In fact, we have always said that YOU are your baby's best teacher, so since you are teaching your baby everything else, why not teach reading too?

Because if your baby is capable of learning to read as has been proven by millions of babies over the world for decades, why stop her from learning?

What we have simply done is put together the easiest and most effective way so you can give your baby the gift of reading--and have fun at the same time. We have never tried to take over the holistic parenting role, and we never will.

Myth #3: The child who reads too early will cause problems in the first grade

The Fact: This is not wholly a myth, for it is partly true. She will cause problems at first. Not for her, but for the teacher.

But any teacher worth her salt can handle the advanced reader in less time and with less effort than the time and energy it would take to cope with the child who can't read. In fact, the easiest problem that any sensible first-grade teacher has to deal with is what to do with the child who can read. The most difficult problem for her, and the most time-consuming, is the child she can't teach to read.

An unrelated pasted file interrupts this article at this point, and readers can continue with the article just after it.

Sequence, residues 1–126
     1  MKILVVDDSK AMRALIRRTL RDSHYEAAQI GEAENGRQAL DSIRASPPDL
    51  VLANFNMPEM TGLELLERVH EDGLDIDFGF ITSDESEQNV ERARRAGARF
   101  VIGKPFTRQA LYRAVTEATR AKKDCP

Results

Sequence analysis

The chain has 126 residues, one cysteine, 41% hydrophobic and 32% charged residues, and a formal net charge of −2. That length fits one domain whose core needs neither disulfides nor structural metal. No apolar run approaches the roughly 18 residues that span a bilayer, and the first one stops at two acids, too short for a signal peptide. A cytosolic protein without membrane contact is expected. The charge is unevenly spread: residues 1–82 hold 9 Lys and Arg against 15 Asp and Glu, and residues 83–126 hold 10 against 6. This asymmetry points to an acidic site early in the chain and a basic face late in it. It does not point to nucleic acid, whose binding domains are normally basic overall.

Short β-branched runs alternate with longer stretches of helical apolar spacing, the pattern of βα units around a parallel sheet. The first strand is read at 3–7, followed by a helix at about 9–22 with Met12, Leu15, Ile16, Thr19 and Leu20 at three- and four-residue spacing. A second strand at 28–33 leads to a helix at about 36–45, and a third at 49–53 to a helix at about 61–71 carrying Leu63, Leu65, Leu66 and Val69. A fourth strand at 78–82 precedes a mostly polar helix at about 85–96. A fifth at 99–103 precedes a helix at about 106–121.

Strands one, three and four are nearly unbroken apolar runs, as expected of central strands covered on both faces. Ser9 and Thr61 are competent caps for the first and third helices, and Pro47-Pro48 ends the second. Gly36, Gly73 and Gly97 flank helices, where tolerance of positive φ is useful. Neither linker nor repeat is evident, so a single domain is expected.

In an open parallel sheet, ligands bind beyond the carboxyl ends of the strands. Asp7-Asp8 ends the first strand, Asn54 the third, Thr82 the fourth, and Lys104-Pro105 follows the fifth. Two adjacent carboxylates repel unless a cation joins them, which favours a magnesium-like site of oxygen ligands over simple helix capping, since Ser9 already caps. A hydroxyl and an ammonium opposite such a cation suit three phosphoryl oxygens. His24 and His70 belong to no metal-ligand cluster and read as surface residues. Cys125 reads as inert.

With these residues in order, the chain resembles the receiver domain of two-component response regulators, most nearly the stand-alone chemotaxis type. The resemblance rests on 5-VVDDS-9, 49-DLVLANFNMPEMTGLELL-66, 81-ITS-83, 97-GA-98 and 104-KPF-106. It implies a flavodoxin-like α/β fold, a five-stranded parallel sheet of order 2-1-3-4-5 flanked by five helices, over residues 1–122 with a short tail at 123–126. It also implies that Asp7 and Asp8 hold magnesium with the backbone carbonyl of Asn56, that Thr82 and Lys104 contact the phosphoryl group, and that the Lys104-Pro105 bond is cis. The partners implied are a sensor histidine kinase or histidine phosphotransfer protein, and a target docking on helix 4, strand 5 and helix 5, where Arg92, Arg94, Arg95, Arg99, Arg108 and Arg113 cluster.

But what do we do about unimaginative teachers? That is the real problem, isn't it? In fact, it's a problem for all the children in any class that has a poor teacher, whether or not the children in her class can read.Having said that, even if all this were not true, would anyone seriously argue that we should prevent a child from learning in order to keep her at the average level of her classmates?